When Logo launched The Big Gay Sketch Show, we wondered if the world really needed another sketch comedy. And we also wondered if there was any gay material left to mock. (You can only tell a lesbian U-Haul story so many times at a party before someone loses an eye.)
Now in its third season, TBGSS has tidied up its scattershot approach and found a fresh and consistent voice that is one part inside gay joke, one part broad sketch comedy, and one part Nicktoon burp-in-your-face humor. Or, as I like to call it, "The part I fast forward."
The best thing about Logo’s Big Gay Sketch Show is that The Gays are in on the joke — unlike, say, Saturday Night Live where it is hit-and-miss homophobia any time a queer character wanders into a sketch. The other best thing about The Big Gay Sketch Show is Kate McKinnon and Julie Goldman and Nicol Paone.
This season’s recurring skits include the return of Fitzwilliam, the unwavering British boy whose only wish is to have a vagina; an uncanny parody of RuPaul’s Drag Race; the inanely accurate FaceBook awards; The Cave, a Hills spoof set in Afghanistan; and my personal favorites The View and "Sappho’s Lips: Bringing Women’s Empowerment Through Song."
Kate McKinnon plays a caustically hilarious Barbara Walters who is so over her View co-hosts that she spends half the time verbally abusing Joy Behar ("Hello, OnStar, this is Barbara Walters. We got lost on the way to Joy Behar’s punchline; please help us.") and half the time threatening to murder Elizabeth Hasselbeck ("Sometimes I lie awake at night and wonder how hard it would be for me to kill someone with my bare hands and a hammer. In my fantasy, you are always my victim."). Nicol Paone’s Hesselbeck is frighteningly realistic ("I love Jesus, OK?! I LOVE JESUS!")
Watch The View clip below:
Paone also has one of the funniest sketches in the first half of the season, playing an overwrought and overcompetent Glenn Close, trying to record a Cadillac commercial.
"Sappho’s Lips" features McKinnon and Goldman as a guitar-playing, song-writing lesbian couple who perform for various religious functions at the places of worship they attended as children. At a hot dog eating contest at her former church, McKinnon thanks the congregation for inviting her back to the place "where I learned that my love for my life partner is caused by a demon that lives in my vagina." And at a Bar Mitzvah, they sing a song to welcome Goldman’s nephew into manhood:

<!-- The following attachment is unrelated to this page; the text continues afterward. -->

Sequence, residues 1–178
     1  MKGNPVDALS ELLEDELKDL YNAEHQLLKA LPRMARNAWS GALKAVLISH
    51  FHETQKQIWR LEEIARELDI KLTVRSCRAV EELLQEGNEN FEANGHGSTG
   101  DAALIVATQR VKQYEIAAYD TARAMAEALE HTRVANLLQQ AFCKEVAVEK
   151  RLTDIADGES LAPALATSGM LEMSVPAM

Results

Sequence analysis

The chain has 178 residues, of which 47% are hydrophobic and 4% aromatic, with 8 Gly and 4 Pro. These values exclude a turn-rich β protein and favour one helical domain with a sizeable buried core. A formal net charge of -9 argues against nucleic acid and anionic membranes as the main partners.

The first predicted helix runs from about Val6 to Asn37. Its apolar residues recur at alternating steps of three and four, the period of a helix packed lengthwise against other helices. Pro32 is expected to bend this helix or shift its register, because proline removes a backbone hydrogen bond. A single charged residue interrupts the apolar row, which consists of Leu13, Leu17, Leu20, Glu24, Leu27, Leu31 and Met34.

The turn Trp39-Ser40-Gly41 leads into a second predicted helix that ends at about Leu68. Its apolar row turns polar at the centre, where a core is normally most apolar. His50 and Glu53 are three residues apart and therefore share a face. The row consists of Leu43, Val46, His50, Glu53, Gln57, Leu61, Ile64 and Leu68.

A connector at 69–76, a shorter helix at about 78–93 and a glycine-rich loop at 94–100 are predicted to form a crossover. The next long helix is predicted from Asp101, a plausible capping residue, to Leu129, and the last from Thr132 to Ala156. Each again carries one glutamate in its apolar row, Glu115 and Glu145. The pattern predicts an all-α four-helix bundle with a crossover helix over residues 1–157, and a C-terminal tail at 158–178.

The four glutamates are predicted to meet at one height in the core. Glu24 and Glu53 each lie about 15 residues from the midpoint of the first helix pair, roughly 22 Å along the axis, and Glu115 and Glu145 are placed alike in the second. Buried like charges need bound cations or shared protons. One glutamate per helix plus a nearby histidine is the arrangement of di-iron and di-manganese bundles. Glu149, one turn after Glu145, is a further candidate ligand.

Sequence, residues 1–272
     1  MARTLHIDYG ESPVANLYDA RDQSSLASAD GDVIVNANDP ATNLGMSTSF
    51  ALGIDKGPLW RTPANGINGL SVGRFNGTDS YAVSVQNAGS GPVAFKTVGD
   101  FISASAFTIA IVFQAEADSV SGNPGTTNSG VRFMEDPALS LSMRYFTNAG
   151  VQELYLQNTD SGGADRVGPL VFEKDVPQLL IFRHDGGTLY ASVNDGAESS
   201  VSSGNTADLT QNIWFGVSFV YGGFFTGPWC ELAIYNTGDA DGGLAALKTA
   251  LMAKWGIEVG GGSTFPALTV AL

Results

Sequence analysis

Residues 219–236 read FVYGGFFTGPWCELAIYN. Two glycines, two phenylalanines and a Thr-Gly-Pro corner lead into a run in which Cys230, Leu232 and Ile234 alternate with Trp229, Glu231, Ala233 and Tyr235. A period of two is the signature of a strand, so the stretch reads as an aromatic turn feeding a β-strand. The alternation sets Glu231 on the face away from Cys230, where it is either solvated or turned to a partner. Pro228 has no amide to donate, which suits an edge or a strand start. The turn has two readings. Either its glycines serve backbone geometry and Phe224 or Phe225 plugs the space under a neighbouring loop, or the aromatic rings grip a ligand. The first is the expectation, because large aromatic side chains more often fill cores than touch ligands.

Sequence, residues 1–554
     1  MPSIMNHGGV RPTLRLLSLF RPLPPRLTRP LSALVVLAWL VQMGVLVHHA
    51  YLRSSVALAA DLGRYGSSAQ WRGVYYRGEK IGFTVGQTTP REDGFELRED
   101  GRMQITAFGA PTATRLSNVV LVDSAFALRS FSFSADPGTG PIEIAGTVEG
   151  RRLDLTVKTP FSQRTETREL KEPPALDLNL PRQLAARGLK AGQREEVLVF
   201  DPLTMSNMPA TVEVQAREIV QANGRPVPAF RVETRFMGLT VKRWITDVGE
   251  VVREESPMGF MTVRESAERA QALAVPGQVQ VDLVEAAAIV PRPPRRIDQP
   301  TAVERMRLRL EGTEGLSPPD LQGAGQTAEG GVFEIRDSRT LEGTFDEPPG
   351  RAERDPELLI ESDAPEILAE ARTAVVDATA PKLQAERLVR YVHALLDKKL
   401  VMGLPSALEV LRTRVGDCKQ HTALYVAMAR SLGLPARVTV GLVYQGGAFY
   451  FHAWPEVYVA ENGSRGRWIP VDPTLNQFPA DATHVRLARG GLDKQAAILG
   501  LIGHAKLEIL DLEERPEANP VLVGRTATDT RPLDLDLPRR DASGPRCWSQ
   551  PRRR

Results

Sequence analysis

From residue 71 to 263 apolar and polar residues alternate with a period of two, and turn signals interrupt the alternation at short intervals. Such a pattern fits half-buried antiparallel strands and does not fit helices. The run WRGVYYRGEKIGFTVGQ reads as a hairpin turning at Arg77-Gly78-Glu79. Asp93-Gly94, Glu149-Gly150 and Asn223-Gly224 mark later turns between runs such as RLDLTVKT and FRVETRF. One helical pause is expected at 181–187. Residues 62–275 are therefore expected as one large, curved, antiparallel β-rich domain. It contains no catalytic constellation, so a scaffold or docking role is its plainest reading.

Welcome to having all of the power / And welcome to killing the earth and all of its flowers / Welcome to raping everything you come in contact with / And thank you for giving us all trust issues and self-hatred.
Welcome to manhood / ("Imagine being able to kill anything you want, and get away with it, especially when you’re white!") / Even when it’s bad, it’s good for you / ("I mean, even if you’re not white, you kill a woman? Nobody will really care.")
McKinnon and Goldman also play a couple in an IKEA furniture sketch ("even lesbians have a hard time building furniture") which is scary accurate, because we all know someone who has been the victim of a Nyhedsavisen-assembly breakup.
The full BGSS cast participates in The Amazing Race, Featuring Celebrity Heterosexuals and Their Companions, including Jodie Foster, Queen Latifah, Anderson Cooper, Kevin Spacey, Richard Simmons and on and on and on. And Rosie O’Donnell (one of the show’s producers) and Sharon Osbourne close out every episode, lending their star power to the blurb in TV Guide.
But BGSS isn’t all fun and games. There’s an undercurrent of subversive humor, and at times it asks the really big questions: "Who’s gayer, Aquaman or Peppermint Patty?"
You can watch full episodes of The Big Gay Sketch Show at LogoTV.com. New episodes air Tuesday nights on Logo.